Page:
Combine CDNA 3 and Zen 4 for MI300 Data Center APU in 2023


Along with updates to their Zen CPU architecture and RDNA client GPU architecture, AMD is also updating its roadmap this afternoon for its CDNA server GPU architecture and related Instinct products. And while client CPUs and GPUs are arguably on a fairly straightforward path for the next couple of years, AMD intends to shake up its server GPU offerings in depth.

Let’s start with AMD’s server GPU architectural roadmap first. Following AMD’s current CDNA 2 architecture, which is used in the Instinct MI200-series accelerators, will be CDNA 3. And unlike AMD’s other roadmaps, the company isn’t offering a two-year view here. . Instead, the server GPU roadmap is only out for a year — to 2023 — with AMD’s next server GPU architecture slated to launch next year.

Our first preview of CDNA 3 has quite a bit of detail. With a 2023 launch, AMD isn’t withholding information as much as elsewhere. As a result, they leak information on everything from architecture to basic information on one of the products CDNA 3 will go into – a data center APU made up of CPU and GPU chips.

Starting from the top, GPUs based on the CDNA 3 architecture will be built on a 5nm process. And like the CDNA 2-based MI200 accelerators before it, will rely on chips to combine memory, cache, and processor cores into a single package. Notably, AMD calls this a “3D chiplet” design, implying that not only are the chips stacked on a substrate, but some sort of chip is also going to be stacked on top of other chips, ala AMD’s V- Cache for Zen 3 processors.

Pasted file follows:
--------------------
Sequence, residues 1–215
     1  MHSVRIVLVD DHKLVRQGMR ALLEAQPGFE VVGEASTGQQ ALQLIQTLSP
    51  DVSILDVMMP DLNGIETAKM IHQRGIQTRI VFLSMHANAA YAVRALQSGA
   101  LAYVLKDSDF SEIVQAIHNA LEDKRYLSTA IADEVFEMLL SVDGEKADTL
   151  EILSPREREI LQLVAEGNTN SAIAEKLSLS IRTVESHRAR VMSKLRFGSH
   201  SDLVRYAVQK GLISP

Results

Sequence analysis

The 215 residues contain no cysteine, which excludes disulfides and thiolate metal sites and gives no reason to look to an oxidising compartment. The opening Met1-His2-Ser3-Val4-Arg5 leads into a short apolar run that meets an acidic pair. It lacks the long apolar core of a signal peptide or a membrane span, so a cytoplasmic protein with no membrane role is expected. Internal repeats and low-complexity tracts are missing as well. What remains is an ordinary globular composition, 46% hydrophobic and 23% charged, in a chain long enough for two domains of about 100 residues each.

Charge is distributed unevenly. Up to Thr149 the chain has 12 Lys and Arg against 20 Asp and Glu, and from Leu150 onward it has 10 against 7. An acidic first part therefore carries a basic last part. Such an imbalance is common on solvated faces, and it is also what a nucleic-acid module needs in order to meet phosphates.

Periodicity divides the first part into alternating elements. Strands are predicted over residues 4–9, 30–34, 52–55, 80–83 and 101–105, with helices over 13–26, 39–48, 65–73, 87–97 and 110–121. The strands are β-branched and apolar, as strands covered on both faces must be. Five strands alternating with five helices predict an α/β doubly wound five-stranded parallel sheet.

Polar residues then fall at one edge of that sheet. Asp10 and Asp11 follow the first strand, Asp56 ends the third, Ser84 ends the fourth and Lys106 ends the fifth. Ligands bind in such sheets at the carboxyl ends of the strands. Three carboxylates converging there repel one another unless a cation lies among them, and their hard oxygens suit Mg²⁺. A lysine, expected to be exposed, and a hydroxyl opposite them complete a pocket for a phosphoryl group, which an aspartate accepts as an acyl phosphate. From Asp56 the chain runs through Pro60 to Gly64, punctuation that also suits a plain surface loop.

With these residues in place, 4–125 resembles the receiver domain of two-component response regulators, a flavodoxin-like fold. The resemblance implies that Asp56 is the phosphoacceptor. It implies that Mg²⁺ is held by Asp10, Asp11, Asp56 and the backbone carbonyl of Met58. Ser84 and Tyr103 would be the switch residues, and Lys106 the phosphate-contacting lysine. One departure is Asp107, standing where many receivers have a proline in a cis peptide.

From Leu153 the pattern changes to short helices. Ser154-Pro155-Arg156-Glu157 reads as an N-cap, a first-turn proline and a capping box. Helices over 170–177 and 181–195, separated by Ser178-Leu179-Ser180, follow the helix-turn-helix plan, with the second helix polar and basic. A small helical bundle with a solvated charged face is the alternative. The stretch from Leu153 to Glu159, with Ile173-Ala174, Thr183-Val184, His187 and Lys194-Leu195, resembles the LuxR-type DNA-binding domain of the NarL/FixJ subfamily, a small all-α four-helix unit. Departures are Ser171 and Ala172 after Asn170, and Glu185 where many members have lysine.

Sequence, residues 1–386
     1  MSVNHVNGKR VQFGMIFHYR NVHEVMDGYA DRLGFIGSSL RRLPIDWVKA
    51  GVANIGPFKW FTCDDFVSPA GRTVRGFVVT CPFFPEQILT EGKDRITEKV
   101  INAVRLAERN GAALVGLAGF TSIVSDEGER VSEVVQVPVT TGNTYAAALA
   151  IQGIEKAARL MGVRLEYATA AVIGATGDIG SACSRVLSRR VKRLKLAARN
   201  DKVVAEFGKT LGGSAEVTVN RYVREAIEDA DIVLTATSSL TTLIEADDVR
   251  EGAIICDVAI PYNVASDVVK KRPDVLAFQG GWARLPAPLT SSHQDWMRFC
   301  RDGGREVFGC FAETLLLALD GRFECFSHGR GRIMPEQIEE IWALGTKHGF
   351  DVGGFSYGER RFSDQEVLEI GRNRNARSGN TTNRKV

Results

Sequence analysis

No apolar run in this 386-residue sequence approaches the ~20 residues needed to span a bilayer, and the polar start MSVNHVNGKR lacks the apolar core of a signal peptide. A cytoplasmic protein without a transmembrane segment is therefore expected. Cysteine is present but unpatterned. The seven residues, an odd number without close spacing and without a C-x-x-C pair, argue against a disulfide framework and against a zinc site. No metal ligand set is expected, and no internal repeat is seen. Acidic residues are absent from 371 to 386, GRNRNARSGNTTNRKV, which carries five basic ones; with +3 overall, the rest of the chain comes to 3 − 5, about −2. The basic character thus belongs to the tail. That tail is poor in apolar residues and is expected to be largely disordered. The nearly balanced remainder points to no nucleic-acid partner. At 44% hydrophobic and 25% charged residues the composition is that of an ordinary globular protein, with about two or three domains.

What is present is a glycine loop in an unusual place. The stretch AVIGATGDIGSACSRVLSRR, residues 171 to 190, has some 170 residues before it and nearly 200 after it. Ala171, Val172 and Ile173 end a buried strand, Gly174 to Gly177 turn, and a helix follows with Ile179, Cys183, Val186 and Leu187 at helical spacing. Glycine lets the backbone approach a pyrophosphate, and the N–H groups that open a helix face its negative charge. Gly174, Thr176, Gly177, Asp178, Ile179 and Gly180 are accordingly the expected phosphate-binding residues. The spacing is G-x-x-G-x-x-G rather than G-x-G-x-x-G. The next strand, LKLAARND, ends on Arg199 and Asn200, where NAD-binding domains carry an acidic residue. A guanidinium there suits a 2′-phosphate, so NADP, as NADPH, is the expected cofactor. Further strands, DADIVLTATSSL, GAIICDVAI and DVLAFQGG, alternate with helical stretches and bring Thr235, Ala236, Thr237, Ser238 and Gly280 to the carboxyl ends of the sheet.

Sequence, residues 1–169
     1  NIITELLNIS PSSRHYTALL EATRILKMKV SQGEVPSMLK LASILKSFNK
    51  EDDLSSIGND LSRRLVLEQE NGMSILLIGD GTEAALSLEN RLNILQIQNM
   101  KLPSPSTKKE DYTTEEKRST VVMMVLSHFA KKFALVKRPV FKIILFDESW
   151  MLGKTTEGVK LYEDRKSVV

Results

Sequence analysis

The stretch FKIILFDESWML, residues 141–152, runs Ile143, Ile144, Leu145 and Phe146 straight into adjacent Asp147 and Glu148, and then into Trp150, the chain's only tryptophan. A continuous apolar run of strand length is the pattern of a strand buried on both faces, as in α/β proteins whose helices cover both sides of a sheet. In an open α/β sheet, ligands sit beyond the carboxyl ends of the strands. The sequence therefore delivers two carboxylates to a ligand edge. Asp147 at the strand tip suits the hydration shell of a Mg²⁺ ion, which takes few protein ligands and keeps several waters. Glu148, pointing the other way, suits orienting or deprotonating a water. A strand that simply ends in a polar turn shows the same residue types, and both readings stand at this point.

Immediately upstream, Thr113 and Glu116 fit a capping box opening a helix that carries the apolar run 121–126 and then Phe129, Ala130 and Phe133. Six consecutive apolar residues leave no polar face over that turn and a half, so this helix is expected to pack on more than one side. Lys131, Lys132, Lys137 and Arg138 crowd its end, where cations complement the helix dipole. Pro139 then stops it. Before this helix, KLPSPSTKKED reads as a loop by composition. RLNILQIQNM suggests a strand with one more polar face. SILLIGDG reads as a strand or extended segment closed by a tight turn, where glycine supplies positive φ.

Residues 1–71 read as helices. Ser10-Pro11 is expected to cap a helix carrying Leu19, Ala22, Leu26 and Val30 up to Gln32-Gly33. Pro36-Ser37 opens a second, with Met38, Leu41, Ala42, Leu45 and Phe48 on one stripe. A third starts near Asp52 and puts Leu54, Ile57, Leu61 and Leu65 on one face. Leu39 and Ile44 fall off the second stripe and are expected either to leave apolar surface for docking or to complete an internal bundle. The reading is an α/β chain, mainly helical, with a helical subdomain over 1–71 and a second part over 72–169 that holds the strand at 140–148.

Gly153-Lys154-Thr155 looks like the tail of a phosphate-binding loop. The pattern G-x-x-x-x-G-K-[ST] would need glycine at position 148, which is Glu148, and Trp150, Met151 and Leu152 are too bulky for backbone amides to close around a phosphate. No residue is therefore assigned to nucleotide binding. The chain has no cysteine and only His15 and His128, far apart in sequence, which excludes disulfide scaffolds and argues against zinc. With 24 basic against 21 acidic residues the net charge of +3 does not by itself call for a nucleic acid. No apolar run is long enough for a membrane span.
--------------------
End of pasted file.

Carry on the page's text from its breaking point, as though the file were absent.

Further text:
This comparison is particularly relevant here because AMD is going to introduce its Infinity Cache technology into the CDNA 3 architecture. And, like the V-Cache example above, judging by AMD’s artwork, it looks like they will stack cache with logic as separate dies, rather than integrating it into a monolithic die like their client GPUs. Due to this stacked nature, Infinity Cache chiplets for CDNA 3 will go underneath processor chips, which AMD apparently puts the very, very power-hungry logic chips at the top of the stack in order to cool them efficiently.

CDNA 3 will also use AMD 4e Infinity Architecture generation. We’ll talk more about that in a separate article, but the short version is that for GPUs, IA4 goes hand-in-hand with AMD’s chiplet innovations. Specifically, it will enable the use of 2.5D/3D stacked chips with AI, allowing all chips in a package to share a unified and fully consistent memory subsystem. This is a big step up from IA3 and current MI200 accelerators, which although offering memory coherency, do not have a unified memory address space. So while the MI200 accelerators essentially operate as two GPUs on a single package, IA4 will allow the CDNA 3/MI300 accelerators to behave as a single chip, despite the disaggregated nature of the chiplets.

AMD’s diagrams also show that HBM memory is used here again. AMD does not specify which version of HBM, but given the 2023 horizon it’s a safe bet that it will be HBM3.

Architecturally, AMD will also take several steps to improve the AI ​​performance of its high-performance accelerator. According to the company, they are adding support for new mixed precision math formats. And while not explicitly stated today, AMD’s >5x improvement in performance per watt in AI workloads strongly implies that AMD is reworking and significantly expanding its die cores for CNDA 3, because 5x is far beyond what only fab upgrades can do. deliver.